The society was still largely conservative in the 30s and women did not wear pants a lot. Women’s pants were fashionable items for special occasions in the summer and outings to the beach. High waisted wide-legged pants with a sailor look were popular daytime wear. The preferable colors were navy blue or white. For spending time on the beach, women wore beach pajamas or palazzo pants, which were very wide in the leg. These came in pastel hues and striped or checked prints. Sleeping pajamas were worn at home.
The fashionable way to wear pajamas was with a button-down blouse or tunic, and a matching belt. Beach pajamas and sleeping pajamas looked very much the same. Wearing pajamas at home was popular and preferred over nightgowns because pajamas were seen as less risqué. Pajamas were also practical as they allowed more freedom of movement while doing different house chores.
Lounge pajamas were not exactly meant for sleeping in but were leisurewear for outings, vacations, and other daytime parties. These pajamas were light and airy making them ideal for wearing in hot weather. They were interchangeably called beach pajamas or pajamas. This was a general term that also applied to jumpsuits with suspenders worn with a neck shirt or halter top. Backless tops were the height of fashion for a picnic to the beach.
The pants of the 1930s had the widest legs compared to any other time in the history of women’s pants. The waist was roomy but fitting, then the leg flared widely with pleats. Many pants had legs so wide at the cuffs that they completely covered the foot.
Women’s pants were ‘allowed’ for sporting events and vacations, but not formal occasions or evening events. However, adventurous women would occasionally wear them with a modest blouse for a trip to the market. These pants were welcomed as play clothes and not attire for going to the church or school events.
The jumpsuit featured a matching top and bottom. The tops had modest sleeves but could be backless. Non-pajama pants were also high waisted and wide-legged, but not as wide as pajamas. The sailor looks with big buttons on the front and striped sides were in vogue. The pants usually came with a cuffed hem.
There was also the culotte which was looked like a cross of a skirt and pant with wide flowing legs. It would be what is today known as the gaucho pant. Ensembles (matching items) were popular for financial practicalities as well, and it was common to see the culotte purchased with two matching blouses. Often, one blouse was backless and a bit ‘immodest’ for wearing to house parties.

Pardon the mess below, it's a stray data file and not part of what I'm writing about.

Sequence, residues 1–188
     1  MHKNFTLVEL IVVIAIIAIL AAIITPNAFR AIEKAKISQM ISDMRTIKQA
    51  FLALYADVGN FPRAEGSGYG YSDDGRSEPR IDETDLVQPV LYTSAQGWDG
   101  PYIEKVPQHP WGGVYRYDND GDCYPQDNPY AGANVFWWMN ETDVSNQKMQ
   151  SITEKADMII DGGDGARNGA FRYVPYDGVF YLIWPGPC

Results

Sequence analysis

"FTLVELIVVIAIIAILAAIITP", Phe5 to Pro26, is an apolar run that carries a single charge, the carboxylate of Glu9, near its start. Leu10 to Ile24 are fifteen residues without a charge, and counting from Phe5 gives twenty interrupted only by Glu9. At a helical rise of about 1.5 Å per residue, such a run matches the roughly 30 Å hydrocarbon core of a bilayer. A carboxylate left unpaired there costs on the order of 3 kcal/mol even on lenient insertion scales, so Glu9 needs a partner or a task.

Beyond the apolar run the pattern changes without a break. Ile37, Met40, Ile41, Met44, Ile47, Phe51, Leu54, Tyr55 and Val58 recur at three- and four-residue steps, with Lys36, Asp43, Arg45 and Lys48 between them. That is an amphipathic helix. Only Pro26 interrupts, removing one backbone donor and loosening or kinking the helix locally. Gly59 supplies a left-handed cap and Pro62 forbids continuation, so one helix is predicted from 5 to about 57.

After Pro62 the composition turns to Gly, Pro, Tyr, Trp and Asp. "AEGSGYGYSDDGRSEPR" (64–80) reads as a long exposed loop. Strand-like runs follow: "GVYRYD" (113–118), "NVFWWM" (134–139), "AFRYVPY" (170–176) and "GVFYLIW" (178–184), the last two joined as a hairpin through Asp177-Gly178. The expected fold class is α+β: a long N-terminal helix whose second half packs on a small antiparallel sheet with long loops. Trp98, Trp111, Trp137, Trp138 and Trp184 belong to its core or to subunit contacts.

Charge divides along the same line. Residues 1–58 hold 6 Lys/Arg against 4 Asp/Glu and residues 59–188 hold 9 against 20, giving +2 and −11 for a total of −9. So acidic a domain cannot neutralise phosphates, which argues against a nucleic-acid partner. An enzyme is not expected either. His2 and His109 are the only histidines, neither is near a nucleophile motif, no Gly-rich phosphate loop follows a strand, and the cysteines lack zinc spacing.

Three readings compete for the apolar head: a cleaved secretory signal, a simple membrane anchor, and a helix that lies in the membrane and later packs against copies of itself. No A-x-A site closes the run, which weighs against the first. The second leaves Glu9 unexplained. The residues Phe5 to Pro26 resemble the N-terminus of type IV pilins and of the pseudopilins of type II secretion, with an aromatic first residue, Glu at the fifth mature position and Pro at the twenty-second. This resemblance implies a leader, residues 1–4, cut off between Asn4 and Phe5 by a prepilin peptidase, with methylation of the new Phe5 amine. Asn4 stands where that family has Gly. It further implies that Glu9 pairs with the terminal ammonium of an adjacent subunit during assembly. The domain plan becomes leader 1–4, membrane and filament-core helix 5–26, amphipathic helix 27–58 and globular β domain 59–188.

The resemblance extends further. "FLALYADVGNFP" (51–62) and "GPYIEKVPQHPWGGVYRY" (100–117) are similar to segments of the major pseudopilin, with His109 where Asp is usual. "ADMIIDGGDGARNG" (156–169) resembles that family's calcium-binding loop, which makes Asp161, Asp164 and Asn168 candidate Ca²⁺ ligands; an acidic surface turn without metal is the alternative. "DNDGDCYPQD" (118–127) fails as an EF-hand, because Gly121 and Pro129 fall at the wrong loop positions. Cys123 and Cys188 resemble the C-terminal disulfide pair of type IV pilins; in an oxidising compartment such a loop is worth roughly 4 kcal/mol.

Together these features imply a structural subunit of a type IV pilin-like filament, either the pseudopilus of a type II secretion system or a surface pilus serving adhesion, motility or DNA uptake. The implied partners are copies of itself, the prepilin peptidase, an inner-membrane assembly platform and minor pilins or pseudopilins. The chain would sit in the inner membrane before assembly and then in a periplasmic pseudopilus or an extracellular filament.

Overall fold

It was also common to see women in overalls when working outdoors. More women were getting factory jobs, which demanded this practical wear. The denim overall was often worn for lounging around the home, as it was practical when chores needed to be done.
The economic difficulties of the 1930s limited fashion budgets, which forced women to become creative with DIY fashion. It was common practice for women to purchase fabric with sewing patterns to make their garments. Fashion magazines like Vogue would feature designs from Paris and Hollywood and have illustrations of sewing patterns for these designs. This gave rise to robust fashion knockoffs, which allowed women to imitate their favorite movie stars and celebrities for a fraction of the price.
Another unintended consequence of the financial difficulties was the slashing of prices on clothing. Fashion designers and clothing companies did not have much of a choice than make their items affordable if they wanted to remain in business. The innovation of cheaper fabrics like rayon and nylon helped make garments cheaper as well. The zipper was one of the biggest innovations in this period, and it quickly became widespread in all garments, even pants.
Mass production of clothes had picked up in the 1920s and was perfected in the 1930s. This made fashion trends to catch on quicker as women would rush to the stores to pick up a fashionable item they saw on a friend or celebrity. The trend of women’s pants went on to become mainstream as more women entered the workplace in years that followed, and eventually became widespread and common practice for women to wear pants.